I set off for Haiti in November to be a mere drop in the ocean, full of curiosity and not without a little trepidation. Simply to help a little bit. I know today that my fears then were unfounded. Everybody I met there, colleagues and patients as well as the doctors, were really sweet and friendly to me.
The work wasn’t always easy because there aren’t many materials to be had, and material acquisition isn’t that simple either. But I had a lot of fun.
Time isn’t as important over there as it is here, which is very strange for us northern Europeans.
The first thing I learned there was how to wait. On the other hand, we would all profit from being a little more laid back and relaxed in our world full of hectic activity and stress.
The orthopaedic technicians who work in Deschapelles and in Port au Prince, where I spent my third week, are fantastic and very competent. They understand their work, but they’re still grateful for any suggestions, and they’re not too proud to ask for advice. The work there is so important. Many of the children have knock knees or bowlegs. Apart from diabetes, the most common reason for amputation is road traffic accidents. It’s really not surprising that so many accidents happen because they often ride six up on their motorbikes.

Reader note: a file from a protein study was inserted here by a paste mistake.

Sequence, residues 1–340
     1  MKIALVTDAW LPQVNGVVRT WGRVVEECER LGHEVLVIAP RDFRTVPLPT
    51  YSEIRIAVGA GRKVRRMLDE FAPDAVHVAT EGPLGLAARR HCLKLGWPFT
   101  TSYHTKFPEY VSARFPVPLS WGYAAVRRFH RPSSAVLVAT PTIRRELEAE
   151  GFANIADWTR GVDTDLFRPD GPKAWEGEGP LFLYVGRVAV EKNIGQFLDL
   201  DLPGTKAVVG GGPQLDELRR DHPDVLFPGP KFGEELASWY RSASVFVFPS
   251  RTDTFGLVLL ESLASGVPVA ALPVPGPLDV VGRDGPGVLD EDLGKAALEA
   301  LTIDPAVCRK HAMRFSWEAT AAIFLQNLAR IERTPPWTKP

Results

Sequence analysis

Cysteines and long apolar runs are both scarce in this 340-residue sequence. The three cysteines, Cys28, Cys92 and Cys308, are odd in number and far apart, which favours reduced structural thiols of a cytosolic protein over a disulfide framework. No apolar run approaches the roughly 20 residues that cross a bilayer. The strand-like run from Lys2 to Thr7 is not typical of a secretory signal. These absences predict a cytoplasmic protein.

I have so many pictures and so many impressions in my head that I can’t write them all down. I had so many striking experiences there, above all of the human kind. The people there thanked me more than once for being there to help them. Whenever I think about that I have to cry. I can only recommend that everybody who gets the chance to go there really does go. I’d love to go there again. I’m so grateful to medi for making the trip possible.
All of Haiti is very poor, and unfortunately often very dirty. But the country also has some very beautiful parts. The people are proud and friendly.